ISGS as a Common Enemy
After the withdrawal of the foreign forces from Mali, Ag Ghaly’s number one enemy became ISGS, which has been expanding its area of operations in the Menaka and Gao regions, almost approaching the Kidal region. Since March 2022, the Permanent Strategic Framework for Peace, Security, and Development (CSP), which is a new coalition that consists of the loyalist and the separatist armed political groups, has been fighting against ISGS attacks. In several statements, the CSP said that ISGS was the greatest threat to northern Mali and promised to form a defense strategy to protect the civilians. However, no notable success has been reported. It is estimated that the group has killed around 1,500 civilians and displaced almost half a million. The main target of ISGS attacks is the Tuareg civilians, specifically the Dawsahak.
JNIM joined the fight alongside the CSP to first defend its presence in northern Mali and second to support the Tuareg tribes which they share tribal links with. Nasr said that “the armed political groups and JNIM currently have a shared enemy: ISGS”. However, he caveats that “this does not make them friends”. Nasr clarified that “any alleged meeting should not be seen as a rapprochement but rather a common interest in defeating ISGS”.
Ag Ghaly’s alleged meeting in the Kidal region came following a large CSP meeting on 15 January 2023 in Anfif, Kidal region, to determine a new defense strategy against ISGS and other threats from bandits. A meeting is also scheduled for 10 February in Kidal to specify the outlines for military collaboration between the various armed political groups.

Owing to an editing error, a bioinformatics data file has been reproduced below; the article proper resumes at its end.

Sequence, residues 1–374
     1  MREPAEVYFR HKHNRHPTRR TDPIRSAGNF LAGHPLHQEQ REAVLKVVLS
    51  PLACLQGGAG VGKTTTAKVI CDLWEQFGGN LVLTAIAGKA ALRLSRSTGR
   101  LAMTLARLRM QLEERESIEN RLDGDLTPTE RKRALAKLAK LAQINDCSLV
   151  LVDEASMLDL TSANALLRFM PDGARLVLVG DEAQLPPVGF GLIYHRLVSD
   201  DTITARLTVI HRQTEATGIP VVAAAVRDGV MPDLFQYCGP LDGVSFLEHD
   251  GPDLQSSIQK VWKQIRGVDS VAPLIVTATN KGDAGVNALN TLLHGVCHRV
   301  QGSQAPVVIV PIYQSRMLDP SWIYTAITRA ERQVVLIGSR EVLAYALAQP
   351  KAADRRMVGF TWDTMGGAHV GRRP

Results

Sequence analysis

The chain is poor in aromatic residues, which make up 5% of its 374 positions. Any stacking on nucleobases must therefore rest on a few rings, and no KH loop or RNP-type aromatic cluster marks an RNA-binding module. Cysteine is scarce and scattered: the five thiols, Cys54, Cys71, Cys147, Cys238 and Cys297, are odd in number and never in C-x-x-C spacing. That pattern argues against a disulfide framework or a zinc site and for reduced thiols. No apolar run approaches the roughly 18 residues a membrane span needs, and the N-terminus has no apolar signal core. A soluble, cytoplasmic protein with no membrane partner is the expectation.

Tribal links still play a significant role in alliances in northern Mali. Although Ag Ghaly has hijacked the rebellion of 2012 and defeated some Tuareg armed political groups in the north of Mali, tribal links still prevail over animosity.
Nasr said that the meeting between Ag Intallah and Ag Ghaly “was not out of the ordinary”, he added that it was customary for Ag Ghaly to meet tribal leaders, as solid tribal links join these groups. Ag Ghaly hails from the Ifoghas tribe, the nobles of the Tuaregs that largely make up the HCUA, and the secular Tuareg movement, the National Movement for the Liberation of Azawad (MNLA).
Although the HCUA signed the peace accord in 2015, the movement still keeps in its ranks ex-members of the Ansar Dine, the first Tuareg jihadi group that Ag Ghaly formed. And on one occasion in 2018, Secretary General Ag Intalla referred to Ag Ghaly as a “brother”.
However, Nasr concluded that “tribal links are being shaken by ISGS, as ISGS has recruited from the Dawsahak in its rank to fight against other Dawsahak in Talataye in Gao region.” He gives another example from Ansongo, also in Gao, where Fulanis in the ranks of ISGS were fighting other Fulanis.
It is worth adding that the CSP has suspended its participation in the peace accord signed in 2015. The group is still demanding a meeting with the transitional government in a neutral place to discuss the feasibility of the peace accord after seven years of signing it.
Mali is proving again that tribal links prevail over any other alliance or dispute. Ag Ghaly is an old nemesis of Ag Gamou. However, when it comes to fighting ISGS, old nemeses can ally to fight a common enemy.